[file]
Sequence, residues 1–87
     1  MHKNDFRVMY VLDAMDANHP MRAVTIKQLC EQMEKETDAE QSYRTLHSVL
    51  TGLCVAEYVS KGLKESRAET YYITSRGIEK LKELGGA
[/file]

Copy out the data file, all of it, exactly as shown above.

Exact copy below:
Sequence, residues 1–87
     1  MHKNDFRVMY VLDAMDANHP MRAVTIKQLC EQMEKETDAE QSYRTLHSVL
    51  TGLCVAEYVS KGLKESRAET YYITSRGIEK LKELGGA